My last OPD patient!

My last OPD patient!
Representational PicCreative Commons/ Flickr/ Bryan Howard



‘Doctor Sahib I have a patient known to me ,who needs your consultation. He has no cardiac problem but has been asked to get clearance before hernia surgery,’ asked one acquaintance at the hospital gate.

“Get him on Wednesday to OPD, I will see him there.

Make sure you come with ECG done to save time,” I replied.

It is Wednesday , I saw my last patient in OPD at around 4:30 pm who was an elderly man planned for Cataract surgery without any apparent cardiac issues but as per protocol (to be defined?) to give a procedural safety warranty certificate of ‘No contraindication to Surgery!’

Exhausted brain with foggy and cloudy neuronal templates, I made my way towards the canteen for rejuvenating my dried up neuronal chips.

On my way , someone called from behind with a familiar voice, I looked back and found the same person whom I had asked a day before to bring along a patient with ECG to clear for surgery which he had been insisting on.

Invariably, the last patient would have been one who got an appointment by haggling with a security personal /attending gate staff member who would have come and announced that ‘I would meet the doctor and go, come what may’ types. Both often turn out to be suffering from major trouble. But being a hospital employee he knew tricks of trade and got the patient towards the end.

Over the years, the ‘last patients’ (in hospital OPD) have had much more medical problems like heart attacks, cardiac arrhythmias or evolving stroke; where the patient believed that he has gas, dyspepsia or a vertigo. In my cardiac residency , we used to call it ‘last token syndrome’.

Seeing this patient with my exhausted and torn out neurons , I peeped into the rusty polythene bag to look for the previous records …encrypted lifelines -ECG strips- on which I got hands on and found he had previously also advanced conduction tissue disease but ironically put on beta blockers and digoxin only to knock down his rhythm still lower…

The fresh ECG revealed complete heart block with escape ventricular rhythm @ of just over 30bpm …I asked the patient for any symptoms of unresponsiveness (syncope/presyncope)…to which he replied he gets lapses of loss of contact with surroundings for fraction of seconds in which he sees his deceased wife’s mirage flashing in front of his twittering eyes.

Alarmingly ,I counseled the patient for an emergent referral to an advanced cardiac centre for pacing. Patients attendants were still not aware of the catastrophe but just insisting on clearance for elective non obstructive inguinal hernia repair.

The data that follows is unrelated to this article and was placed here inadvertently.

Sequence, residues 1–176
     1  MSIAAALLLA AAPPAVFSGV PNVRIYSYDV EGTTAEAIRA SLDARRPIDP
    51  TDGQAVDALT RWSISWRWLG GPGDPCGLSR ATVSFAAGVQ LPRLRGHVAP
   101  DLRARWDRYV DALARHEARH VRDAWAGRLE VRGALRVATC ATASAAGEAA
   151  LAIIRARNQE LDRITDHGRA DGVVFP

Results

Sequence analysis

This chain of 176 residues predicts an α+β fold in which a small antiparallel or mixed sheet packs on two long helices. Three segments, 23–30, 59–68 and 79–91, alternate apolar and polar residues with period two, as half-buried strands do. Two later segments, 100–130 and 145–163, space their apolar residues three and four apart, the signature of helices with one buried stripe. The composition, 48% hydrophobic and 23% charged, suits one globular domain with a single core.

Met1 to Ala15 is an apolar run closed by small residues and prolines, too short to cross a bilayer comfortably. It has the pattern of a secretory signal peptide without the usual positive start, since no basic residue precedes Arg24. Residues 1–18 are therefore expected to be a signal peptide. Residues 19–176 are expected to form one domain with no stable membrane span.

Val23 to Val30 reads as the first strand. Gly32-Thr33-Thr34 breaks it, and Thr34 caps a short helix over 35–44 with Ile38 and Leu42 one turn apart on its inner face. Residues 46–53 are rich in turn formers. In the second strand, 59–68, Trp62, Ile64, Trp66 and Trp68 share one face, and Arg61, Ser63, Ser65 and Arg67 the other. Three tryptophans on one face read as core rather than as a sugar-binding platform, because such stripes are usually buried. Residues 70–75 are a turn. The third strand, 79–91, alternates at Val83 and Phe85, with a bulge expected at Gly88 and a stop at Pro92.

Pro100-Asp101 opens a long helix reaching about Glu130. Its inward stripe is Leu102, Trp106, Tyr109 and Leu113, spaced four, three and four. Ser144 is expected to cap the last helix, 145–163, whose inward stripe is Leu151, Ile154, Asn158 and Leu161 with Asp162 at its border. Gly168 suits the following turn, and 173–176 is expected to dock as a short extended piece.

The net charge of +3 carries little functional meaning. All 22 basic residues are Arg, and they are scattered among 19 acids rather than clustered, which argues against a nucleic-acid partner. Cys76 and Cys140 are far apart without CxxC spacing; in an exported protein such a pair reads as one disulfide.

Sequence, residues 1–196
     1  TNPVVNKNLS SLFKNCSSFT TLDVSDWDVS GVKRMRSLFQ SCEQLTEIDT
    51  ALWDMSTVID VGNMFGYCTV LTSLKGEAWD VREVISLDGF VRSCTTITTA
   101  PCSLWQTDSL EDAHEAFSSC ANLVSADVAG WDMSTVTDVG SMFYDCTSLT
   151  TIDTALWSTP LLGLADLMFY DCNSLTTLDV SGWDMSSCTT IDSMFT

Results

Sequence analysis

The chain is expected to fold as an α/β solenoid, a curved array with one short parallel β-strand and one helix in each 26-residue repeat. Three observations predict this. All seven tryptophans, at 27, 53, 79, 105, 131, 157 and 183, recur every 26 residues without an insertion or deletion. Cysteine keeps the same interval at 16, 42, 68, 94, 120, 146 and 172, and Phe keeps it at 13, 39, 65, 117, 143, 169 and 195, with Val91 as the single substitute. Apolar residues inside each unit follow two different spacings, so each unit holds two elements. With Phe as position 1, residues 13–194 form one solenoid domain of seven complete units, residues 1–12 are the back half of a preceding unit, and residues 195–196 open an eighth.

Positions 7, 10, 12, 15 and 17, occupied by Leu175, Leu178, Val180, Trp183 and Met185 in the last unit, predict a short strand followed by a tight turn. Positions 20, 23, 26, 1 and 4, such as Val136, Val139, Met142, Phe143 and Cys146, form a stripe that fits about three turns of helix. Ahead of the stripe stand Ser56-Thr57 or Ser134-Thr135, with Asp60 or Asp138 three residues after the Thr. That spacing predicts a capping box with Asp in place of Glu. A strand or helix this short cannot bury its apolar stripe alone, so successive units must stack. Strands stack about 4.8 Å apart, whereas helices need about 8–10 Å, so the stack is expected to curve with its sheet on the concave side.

Irony is that the attendant was a hospital employee !

After 20 minutes of painstaking counselling motivated the patient and relatives for referral and am happy to know that the patient has been put on Temporary pacemaker and planned for permanent pacing now.

How can we avoid this problem?


Why not straight to the Emergency Room(ER)?

The answer is not so simple. It is not the patients fault.

In our system, the doctor is always given an iconic stature; while the system is neglected. There are many excellent doctors but they have to work in a rusted system…

In contrast, in the US and other developed countries ,the system is very strong. In a strong system an average doctor does well, while the reverse is not true.

The system

In our system one might wrongly diagnose an atypical chest pain as muscular and miss out on a heart attack. In advanced set up , all such pains would mandatorily have an ECG done. If the ECG shows a heart attack, and unfortunately you are in a rural hospital, you have to be content with some aspirin and wait for the next bus to take you to the nearest town, while in the advanced set up , the system will make sure that you are taken to a higher center in a helicopter.

It is this lack of belief in a system that brings this ‘last patient’ to the OPD.

The Ego

‘Don’t do anything without consulting me’

The patient, overwhelmed by the weight of my degrees would just do that, unless I tell him that in an emergency don’t wait for me and go to the ER. That can happen if the doctor can ensure that the hospital ER is a strong system, capable of responding to a crisis.

Mostly it doesn’t.

The ‘last patient’ has just obeyed his doctor’s advice.

The ‘Over’ Reaction

Just before COVID struck ,I saw a last patient coming in with a huge plaster in his hand.

Time 4-30 pm

‘Doctor, I was waiting for 2 hours to see you’

He sat down.

‘See Mr, I am a cardiologist. This is clearly an ortho problem. Why don’t you go to the right doctor? I am sorry but I am helpless’

He listened to me quietly.

After my long lecture ended, he looked at me, and smiled.

‘My wife is your patient. I just came to ask if she can have a dental extraction’.

‘And this is an accident that happened a month back, I am fine and active now’

As I told you, the last patient always springs a surprise. Didn’t I?

Dr Showkat Hussain Shah is Consultant Cardiologist at GMC Anantnag

Disclaimer: The views and opinions expressed in this article are the personal opinions of the author. The facts, analysis, assumptions and perspective appearing in the article do not reflect the views of GK.

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